But I don’t get those pessimistic feelings with “Home To Oblivion: An Elliott Smith Tribute”. Pianist Christopher O’Riley doesn’t try to do too much, or add excessive orchestration. His versions of Smith’s songs are simple piano renditions, subtly different but still recognizable. I probably wouldn’t listen to the album all day, but his version of Waltz #1 is perfect.

What makes this a beautiful song:

1. O’Riley layers the piano parts in the same way that Smith used to layer his vocals.

2. The notes repeatedly glide up the scale in a way that reminds me of (don’t ask me why) empty ski lifts going up a hill.

3. The chord changes at 2:36 are unexpected and wonderful.

Recommended listening activity:

Framing your favourite photo of you and your best friend.

01 Sep

Week 225: “Outta My System” by My Morning Jacket (Washed Out remix)

My-Morning-Jacket-Outta-My-System-Remixez-y-Friendz

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A mandatory part of growing up is having a mind-blowing conversation with a close friend or two, typically while lying on your back looking at the stars. This conversation is likely to include some or all of the following statements:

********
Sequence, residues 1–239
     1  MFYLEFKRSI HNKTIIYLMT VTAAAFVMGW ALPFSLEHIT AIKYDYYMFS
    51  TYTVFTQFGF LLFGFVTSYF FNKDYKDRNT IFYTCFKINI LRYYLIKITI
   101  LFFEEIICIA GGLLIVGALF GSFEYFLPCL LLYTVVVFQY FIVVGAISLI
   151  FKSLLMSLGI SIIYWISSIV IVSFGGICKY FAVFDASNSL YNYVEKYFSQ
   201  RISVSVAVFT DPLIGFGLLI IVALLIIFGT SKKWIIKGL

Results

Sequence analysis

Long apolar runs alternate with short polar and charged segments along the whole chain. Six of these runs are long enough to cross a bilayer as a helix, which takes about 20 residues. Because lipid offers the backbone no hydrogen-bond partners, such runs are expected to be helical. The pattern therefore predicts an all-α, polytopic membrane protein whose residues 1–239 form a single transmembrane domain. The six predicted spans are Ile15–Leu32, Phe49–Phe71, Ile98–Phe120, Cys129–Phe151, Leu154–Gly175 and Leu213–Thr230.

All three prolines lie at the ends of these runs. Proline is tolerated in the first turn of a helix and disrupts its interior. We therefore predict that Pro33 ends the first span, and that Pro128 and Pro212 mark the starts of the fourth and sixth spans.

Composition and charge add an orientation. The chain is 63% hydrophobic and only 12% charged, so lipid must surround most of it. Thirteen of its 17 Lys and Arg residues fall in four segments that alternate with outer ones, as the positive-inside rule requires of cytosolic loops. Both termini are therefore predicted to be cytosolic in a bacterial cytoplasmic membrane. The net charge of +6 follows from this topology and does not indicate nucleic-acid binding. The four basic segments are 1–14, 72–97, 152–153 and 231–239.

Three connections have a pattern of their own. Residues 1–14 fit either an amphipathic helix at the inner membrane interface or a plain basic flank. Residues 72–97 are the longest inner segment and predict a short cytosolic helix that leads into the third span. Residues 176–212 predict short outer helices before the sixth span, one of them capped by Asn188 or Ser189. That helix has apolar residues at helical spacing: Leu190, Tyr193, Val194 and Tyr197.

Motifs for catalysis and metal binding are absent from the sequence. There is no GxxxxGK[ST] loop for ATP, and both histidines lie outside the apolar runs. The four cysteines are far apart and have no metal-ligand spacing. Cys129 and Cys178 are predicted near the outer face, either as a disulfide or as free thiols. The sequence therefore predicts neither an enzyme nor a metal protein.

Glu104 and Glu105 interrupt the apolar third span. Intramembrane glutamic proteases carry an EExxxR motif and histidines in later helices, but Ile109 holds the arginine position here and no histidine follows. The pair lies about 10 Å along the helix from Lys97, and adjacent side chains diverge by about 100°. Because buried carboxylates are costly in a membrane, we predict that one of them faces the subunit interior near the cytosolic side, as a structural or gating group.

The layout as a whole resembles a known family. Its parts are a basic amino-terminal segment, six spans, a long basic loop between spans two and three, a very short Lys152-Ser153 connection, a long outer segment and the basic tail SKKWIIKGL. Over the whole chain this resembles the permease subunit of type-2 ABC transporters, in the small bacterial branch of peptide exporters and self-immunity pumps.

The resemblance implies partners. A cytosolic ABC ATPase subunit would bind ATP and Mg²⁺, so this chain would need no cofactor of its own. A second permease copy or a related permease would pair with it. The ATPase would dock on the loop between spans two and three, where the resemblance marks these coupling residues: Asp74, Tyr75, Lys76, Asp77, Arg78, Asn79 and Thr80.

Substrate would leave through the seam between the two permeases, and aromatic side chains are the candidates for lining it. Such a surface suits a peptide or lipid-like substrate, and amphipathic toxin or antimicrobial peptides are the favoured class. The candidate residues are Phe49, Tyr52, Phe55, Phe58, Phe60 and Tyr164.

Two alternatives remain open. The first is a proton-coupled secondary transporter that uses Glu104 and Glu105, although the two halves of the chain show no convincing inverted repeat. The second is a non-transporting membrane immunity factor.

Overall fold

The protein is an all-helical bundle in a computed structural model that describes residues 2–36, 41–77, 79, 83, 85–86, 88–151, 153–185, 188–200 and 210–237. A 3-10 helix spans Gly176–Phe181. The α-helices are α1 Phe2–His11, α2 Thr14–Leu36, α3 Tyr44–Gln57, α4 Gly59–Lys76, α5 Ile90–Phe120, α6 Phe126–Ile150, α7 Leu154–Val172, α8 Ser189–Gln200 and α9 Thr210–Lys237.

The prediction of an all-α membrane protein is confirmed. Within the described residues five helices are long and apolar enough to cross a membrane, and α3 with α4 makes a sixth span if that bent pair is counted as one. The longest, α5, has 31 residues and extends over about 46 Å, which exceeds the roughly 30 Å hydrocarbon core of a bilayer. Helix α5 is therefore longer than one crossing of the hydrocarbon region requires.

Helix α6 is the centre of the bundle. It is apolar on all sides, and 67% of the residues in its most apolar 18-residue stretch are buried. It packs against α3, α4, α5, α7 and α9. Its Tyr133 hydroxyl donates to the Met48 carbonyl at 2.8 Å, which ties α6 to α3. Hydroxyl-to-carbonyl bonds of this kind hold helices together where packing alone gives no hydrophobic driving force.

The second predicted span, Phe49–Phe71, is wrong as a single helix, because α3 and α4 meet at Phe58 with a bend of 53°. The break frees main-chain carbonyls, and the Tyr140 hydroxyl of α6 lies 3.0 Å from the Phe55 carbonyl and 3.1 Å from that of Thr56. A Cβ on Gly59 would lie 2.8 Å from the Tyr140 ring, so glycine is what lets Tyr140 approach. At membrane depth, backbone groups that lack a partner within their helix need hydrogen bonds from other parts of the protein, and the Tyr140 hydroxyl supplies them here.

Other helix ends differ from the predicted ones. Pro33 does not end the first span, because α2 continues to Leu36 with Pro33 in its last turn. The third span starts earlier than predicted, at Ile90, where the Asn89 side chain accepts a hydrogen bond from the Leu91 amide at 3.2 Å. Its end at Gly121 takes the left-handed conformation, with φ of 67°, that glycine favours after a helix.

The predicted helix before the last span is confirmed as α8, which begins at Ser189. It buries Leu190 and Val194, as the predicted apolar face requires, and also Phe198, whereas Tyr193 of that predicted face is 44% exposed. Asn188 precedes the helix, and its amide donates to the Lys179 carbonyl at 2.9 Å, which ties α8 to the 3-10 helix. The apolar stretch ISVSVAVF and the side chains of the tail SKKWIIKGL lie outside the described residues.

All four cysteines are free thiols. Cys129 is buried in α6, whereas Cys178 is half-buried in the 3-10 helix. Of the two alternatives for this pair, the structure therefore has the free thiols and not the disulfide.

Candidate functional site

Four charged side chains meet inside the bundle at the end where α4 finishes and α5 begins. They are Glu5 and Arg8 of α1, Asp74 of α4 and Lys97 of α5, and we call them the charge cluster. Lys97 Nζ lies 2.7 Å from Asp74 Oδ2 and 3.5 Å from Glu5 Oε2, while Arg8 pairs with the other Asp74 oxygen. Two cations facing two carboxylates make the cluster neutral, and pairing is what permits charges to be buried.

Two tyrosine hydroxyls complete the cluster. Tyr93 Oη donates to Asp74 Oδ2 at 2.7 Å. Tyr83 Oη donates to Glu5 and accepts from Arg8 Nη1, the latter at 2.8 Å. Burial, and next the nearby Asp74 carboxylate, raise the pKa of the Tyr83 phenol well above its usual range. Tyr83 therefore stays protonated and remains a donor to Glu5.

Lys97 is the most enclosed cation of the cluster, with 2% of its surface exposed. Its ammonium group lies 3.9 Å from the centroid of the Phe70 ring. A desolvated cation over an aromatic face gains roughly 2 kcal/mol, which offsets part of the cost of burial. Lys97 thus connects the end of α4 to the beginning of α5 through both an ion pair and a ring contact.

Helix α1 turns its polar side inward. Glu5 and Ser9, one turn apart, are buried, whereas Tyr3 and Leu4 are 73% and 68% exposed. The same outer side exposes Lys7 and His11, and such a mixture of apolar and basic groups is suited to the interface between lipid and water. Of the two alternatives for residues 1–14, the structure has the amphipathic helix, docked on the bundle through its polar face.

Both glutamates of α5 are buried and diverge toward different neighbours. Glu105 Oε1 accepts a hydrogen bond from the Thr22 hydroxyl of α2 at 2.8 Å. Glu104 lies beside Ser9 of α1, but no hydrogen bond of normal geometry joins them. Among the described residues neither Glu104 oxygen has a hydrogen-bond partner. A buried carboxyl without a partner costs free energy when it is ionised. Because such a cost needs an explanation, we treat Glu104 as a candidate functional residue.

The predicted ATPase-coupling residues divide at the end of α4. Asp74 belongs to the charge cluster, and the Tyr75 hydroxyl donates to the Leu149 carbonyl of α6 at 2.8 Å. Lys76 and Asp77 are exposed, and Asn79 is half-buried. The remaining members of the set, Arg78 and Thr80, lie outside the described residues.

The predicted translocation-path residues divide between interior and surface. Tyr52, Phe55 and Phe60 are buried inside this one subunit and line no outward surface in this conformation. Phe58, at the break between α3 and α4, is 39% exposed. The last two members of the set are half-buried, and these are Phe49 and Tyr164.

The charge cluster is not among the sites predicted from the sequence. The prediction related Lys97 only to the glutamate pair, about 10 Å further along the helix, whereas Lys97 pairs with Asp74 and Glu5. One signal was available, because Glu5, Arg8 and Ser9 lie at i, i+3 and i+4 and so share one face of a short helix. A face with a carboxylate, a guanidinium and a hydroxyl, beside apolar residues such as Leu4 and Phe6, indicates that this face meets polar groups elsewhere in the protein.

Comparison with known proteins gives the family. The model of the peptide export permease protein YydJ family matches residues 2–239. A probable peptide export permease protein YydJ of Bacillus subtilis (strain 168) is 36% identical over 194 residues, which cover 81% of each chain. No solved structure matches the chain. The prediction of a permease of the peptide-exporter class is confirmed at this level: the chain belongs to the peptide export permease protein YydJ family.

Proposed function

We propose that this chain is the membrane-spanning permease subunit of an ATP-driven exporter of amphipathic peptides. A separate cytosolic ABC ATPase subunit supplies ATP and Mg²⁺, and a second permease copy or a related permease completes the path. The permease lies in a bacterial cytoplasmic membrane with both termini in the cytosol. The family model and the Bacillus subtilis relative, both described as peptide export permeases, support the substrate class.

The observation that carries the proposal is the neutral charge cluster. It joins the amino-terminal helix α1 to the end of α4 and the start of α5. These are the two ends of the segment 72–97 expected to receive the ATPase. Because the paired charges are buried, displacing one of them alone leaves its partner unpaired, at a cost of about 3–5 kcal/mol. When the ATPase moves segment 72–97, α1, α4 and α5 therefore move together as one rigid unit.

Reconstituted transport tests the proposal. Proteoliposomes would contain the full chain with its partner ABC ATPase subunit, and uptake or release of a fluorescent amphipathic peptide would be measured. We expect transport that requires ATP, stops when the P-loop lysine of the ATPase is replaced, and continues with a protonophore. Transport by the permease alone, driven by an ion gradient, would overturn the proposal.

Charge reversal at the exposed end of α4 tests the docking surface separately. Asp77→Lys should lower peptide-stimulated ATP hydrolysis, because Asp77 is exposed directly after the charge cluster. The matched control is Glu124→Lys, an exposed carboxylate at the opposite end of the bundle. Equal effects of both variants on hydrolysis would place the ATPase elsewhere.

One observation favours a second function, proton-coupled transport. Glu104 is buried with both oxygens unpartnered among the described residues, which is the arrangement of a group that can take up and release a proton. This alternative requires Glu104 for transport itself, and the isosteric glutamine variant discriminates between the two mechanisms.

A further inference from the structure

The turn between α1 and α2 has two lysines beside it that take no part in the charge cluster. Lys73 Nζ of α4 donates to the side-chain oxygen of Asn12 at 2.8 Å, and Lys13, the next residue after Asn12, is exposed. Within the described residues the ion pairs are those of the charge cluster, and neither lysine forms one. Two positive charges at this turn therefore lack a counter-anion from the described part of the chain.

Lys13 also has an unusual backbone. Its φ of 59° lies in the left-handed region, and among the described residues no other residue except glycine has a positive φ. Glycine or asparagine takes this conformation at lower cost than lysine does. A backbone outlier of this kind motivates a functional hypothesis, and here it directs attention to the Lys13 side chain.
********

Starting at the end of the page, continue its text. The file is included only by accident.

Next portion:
“What if the whole universe is just happening inside a single drop of water?”
“Ever wonder why you’re…you?”
“It’s mathematically impossible that there aren’t other life forms out there.”
“I think that God is just, like…everything. But also nothing.”
“What is money, anyway? Everybody should just be able to take what they need.”
“Imagine if that star just blew up right in front of us right now?”
“What does the universe look like from outside the universe?”

This remix, by Washed Out (aka Ernest Greene) captures the innocent magic of such conversations perfectly. Try to remember where you were when you had your own youthful philosophical sessions, and imagine yourself there while you listen to this song.

What makes this a beautiful song:

1. The crickets.

2. The vocal samples, filled with deep thoughts that just make you want to let your mouth fall open slightly and say, “whoa.”

3. Rather than re-state the whole song, Washed Out focuses on the first lyrical line, and loops it. I like it when remixes do that; it’s like taking a painting you already like, and magnifying one corner to really notice the details.

Recommended listening activity:

Imagining who you would be if your parents had never met.

25 Aug

Week 224: “Gee But I’d Like To Make You Happy” by The Boswell Sisters